The Hague, March 22, 2012 (FH) – The International Criminal Court's first judgment delivered on March 14 against Congolese ex-militia leader Thomas Lubanga brings important new case law on the use of child soldiers. Lubanga was found guilty, as a co-perpetrator, of the war crimes of conscripting and enlisting children under the age of 15 and using them to participate actively in hostilities in Ituri, eastern Democratic Republic of Congo, from September 2002 to mid-August, 2003

1 min 31Approximate reading time

The judges found that Lubanga played an active role in recruiting for the FPLC, the armed wing of the Union des patriotes congolais (UPC) of which he was president at the time. According to the judgment, children under 15 were not specifically targeted for recruitment, but Lubanga needed soldiers and their age didn’t matter. “Criteria such as the size of the children and their ability to hold a weapon and to participate in training were significant factors in determining whether or not they were recruited, regardless of their ages”, says the 600-page judgment. 

Some of the children were reported to have volunteered, but the judges ruled that “a child’s consent does not constitute a valid defence”. In so ruling, they took into consideration the testimony of expert witness Elisabeth Schauer, who told the court that “children cannot give informed consent when joining an armed group, because they have limited understanding of the consequences of their choices, they do not control or fully comprehend the structures and forces they are dealing with, and they have inadequate knowledge and understanding of the short and long-term consequences of their actions”.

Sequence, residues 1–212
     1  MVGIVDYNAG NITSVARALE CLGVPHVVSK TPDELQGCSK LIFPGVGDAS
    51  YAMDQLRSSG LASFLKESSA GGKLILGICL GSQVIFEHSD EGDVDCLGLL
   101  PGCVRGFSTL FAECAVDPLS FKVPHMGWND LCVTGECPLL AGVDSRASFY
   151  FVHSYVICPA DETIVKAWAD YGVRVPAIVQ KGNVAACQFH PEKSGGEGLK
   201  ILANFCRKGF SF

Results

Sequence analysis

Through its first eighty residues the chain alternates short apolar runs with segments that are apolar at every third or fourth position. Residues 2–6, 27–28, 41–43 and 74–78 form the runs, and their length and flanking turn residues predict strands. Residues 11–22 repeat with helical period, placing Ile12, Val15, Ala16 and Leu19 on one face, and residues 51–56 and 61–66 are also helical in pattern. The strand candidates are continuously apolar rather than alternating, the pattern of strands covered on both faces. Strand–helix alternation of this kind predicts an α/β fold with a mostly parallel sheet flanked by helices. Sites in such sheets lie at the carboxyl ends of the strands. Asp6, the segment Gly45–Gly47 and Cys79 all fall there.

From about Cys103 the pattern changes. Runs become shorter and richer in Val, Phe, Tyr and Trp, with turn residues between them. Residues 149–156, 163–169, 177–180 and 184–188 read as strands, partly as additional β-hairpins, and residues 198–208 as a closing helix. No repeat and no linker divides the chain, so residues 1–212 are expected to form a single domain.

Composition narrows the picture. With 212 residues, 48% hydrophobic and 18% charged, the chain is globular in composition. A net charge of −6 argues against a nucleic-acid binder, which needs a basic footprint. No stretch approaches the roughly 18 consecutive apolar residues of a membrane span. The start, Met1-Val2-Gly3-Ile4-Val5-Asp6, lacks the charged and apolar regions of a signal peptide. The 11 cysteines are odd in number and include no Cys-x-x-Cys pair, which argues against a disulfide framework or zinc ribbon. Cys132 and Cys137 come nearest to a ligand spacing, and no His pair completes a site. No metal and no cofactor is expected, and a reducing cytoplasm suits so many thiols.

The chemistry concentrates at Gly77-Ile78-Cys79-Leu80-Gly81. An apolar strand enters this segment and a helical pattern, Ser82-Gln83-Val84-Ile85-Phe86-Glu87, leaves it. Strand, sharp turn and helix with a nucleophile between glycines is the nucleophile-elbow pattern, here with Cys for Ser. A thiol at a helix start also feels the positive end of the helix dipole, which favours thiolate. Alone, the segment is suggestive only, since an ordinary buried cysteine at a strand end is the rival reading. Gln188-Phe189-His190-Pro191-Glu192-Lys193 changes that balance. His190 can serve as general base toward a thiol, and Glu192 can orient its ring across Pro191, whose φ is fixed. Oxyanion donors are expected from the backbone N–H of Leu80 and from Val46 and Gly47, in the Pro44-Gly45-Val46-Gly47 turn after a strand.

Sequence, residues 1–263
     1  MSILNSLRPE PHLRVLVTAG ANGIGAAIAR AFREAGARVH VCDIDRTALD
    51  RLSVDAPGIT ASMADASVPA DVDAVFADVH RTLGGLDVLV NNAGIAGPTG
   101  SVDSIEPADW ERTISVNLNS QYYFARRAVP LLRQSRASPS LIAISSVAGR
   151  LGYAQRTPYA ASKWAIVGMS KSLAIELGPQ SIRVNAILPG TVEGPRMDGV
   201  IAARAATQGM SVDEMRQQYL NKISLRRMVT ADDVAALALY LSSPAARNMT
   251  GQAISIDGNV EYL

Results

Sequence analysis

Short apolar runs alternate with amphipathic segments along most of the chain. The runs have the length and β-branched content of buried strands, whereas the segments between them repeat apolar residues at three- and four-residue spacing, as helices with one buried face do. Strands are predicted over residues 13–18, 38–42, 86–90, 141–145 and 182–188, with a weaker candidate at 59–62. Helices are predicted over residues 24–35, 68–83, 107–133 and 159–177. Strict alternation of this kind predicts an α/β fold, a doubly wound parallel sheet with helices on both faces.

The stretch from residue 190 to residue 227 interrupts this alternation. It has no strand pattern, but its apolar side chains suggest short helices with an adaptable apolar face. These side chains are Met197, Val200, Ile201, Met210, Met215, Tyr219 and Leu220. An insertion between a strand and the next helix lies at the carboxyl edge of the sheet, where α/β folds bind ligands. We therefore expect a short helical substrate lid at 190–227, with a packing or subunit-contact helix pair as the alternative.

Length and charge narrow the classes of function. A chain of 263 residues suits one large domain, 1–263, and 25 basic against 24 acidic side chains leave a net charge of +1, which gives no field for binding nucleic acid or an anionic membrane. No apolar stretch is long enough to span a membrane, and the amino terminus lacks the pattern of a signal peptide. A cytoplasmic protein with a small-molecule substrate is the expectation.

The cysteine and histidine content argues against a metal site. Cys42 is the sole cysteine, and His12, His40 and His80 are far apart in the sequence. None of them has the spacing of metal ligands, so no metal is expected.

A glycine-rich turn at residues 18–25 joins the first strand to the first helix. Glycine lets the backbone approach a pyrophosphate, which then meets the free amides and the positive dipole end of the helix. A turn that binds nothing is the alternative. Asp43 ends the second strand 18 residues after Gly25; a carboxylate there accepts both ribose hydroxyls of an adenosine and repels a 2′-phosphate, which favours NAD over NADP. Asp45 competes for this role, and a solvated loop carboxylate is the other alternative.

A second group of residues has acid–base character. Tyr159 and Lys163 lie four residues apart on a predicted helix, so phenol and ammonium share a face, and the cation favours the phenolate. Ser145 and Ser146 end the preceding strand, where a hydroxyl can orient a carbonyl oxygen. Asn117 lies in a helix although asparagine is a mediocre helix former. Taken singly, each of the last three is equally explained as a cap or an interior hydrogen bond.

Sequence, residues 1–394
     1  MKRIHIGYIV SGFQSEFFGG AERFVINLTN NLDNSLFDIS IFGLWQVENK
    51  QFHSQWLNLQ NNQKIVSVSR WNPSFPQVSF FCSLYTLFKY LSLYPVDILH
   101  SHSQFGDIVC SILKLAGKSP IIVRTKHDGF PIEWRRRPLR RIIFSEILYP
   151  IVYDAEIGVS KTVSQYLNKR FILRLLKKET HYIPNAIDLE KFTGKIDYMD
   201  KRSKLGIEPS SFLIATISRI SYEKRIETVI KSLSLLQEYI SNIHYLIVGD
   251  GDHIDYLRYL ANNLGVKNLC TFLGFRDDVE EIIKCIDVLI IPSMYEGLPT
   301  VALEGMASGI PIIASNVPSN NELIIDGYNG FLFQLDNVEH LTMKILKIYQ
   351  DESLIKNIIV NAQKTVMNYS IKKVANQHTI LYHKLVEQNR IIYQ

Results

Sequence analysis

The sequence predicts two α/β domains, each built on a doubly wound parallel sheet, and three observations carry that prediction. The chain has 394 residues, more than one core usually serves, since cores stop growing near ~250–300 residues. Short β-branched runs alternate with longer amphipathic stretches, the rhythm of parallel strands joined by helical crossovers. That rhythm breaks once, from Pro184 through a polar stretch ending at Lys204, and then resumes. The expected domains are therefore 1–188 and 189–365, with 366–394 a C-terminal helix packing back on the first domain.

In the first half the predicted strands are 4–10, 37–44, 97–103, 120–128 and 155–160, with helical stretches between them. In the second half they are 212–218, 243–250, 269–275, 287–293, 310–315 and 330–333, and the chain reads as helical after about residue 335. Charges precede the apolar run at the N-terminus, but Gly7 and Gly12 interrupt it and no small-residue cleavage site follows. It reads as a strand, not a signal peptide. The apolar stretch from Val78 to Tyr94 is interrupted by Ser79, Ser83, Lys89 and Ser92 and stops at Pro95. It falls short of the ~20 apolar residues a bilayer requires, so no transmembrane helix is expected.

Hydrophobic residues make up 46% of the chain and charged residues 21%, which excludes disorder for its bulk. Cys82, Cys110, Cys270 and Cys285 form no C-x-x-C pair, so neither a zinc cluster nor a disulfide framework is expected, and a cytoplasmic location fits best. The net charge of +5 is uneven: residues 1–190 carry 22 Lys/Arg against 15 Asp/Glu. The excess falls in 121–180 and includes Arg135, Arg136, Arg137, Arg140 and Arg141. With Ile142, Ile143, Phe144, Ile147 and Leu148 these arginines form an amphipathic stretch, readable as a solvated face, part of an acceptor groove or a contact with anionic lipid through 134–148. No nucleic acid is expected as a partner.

As for the definition of “active participation of the children” in hostilities, the Chamber ruled that “those who participate actively in hostilities include a wide range of individuals, from those on the front line (who participate directly) through to the boys or girls who are involved in a myriad of roles that support the combatants. All of these activities, which cover either direct or indirect participation, have an underlying common feature: the child concerned is, at the very least, a potential target”.

In reaching their decision, the judges took into account international conventions and the judgments of the Special Court for Sierra Leone, which convicted several former combatants for using child soldiers. When the Special Court for Sierra Leone was set up in January 2002, it was also given the power to prosecute children aged 15 to 18 but not to give them jail sentences.


SM/ER/GF/JC  © Hirondelle News Agency